• Went to Pastor Jean Alix’s church service, at the end of the service he called us guys down to
    Jeremiah presenting the key of the new house to the new owners

    Jeremiah presenting the key of the new house to the new owners

    the front to pray for his people… and they flooded end…it was so moving and yes, I shed plenty of tears, plenty of them.  As a friend, brother, and pastor, watching Lamar, Nathan, and Jeremiah pray over old and young alike once again, filled my heart with joy…conclusion, we don’t pray for people enough, in and out of church

  • From there we went to one of our interpreters house, Sylvester, we wanted to show the team the way the average Haitian lives.  It’s one thing when you are disconnected from the person, it’s another after spending the entire week with that person, then to see the complete poverty they live in, it is heart wrenching… the house was smaller than my living room, the walls were extremely cracked concrete, the roof was patch work tin, and the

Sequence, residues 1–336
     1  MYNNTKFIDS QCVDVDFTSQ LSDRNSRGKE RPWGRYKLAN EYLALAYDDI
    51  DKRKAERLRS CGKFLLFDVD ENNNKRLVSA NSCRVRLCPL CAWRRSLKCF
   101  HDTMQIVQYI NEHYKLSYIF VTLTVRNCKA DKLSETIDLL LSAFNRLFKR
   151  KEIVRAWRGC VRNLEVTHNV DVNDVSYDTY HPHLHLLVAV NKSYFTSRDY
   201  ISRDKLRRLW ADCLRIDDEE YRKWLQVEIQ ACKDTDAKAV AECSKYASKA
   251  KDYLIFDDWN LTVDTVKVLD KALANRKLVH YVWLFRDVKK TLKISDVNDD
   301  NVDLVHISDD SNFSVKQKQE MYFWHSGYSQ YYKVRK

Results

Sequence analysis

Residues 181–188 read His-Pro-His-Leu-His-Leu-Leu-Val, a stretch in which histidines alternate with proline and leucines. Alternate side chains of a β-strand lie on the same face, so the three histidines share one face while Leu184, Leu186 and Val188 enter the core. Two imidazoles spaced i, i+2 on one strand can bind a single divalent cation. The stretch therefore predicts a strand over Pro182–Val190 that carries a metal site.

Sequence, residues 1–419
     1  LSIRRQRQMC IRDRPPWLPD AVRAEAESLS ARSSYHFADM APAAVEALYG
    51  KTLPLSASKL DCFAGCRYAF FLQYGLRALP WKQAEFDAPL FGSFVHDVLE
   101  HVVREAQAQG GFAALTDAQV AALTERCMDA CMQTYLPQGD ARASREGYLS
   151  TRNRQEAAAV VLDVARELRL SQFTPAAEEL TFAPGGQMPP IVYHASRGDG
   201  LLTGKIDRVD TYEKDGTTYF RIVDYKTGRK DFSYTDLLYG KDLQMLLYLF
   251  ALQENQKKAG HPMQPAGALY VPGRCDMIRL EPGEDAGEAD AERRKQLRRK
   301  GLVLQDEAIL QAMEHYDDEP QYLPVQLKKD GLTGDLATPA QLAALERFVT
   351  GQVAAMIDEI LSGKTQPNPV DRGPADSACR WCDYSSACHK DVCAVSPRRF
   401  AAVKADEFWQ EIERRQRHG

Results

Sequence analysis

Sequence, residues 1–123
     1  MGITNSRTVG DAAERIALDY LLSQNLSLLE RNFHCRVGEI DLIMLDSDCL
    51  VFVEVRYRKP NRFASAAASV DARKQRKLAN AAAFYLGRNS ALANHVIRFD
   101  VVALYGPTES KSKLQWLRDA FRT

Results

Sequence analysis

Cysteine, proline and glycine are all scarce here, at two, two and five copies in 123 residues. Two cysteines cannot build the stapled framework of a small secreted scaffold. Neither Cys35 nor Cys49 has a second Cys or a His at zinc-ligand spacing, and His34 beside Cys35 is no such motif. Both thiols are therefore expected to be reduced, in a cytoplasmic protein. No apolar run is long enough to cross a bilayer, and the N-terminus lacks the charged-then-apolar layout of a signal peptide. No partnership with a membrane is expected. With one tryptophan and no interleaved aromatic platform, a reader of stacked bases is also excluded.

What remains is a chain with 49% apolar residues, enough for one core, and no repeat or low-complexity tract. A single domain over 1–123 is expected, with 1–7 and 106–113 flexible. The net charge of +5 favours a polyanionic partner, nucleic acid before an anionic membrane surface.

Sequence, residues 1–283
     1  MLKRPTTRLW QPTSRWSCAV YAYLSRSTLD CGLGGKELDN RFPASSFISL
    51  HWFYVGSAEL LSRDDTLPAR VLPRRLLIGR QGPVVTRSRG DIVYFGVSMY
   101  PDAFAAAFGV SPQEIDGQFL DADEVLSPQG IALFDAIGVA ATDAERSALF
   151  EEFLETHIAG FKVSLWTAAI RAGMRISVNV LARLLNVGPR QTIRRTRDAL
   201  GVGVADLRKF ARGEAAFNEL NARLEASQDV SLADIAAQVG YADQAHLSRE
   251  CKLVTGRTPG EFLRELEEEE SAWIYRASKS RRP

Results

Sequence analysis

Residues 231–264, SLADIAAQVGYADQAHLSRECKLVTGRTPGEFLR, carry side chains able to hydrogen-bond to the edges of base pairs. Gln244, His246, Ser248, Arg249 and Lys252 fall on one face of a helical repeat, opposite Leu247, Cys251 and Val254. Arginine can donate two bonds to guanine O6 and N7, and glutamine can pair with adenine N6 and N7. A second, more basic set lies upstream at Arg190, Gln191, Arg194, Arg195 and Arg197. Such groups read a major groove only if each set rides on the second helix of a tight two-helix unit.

Lamar blessing and praying over the family and their new home

    Lamar blessing and praying over the family and their new home

    heat was probably around 120 degrees… this is how my friend, my well spoken, well dressed, friend lives… on the way out of the house, I had sweat running down my head like someone had just dumped water on me…Sylvester’s mom, walked up behind me, and with her hands wiped the sweat off of my head, I was done…these impoverished people who are so other than us, who we are often scared to touch, just in case we ‘catch something’ reach up with no hesitation and compassion, and wiped my head dry with her bare hands…DONE!

  • Then we went and talked with a man named Junior Bataille – this man has an amazing thought…his vision and passion for  Haiti, is my favorite – he is all about holistic development – aid, infrastructure, agriculture, reforestation, church, abolition work, healing, developing the next generation
    Sylvester and his family in front of their house

    Sylvester and his family in front of their house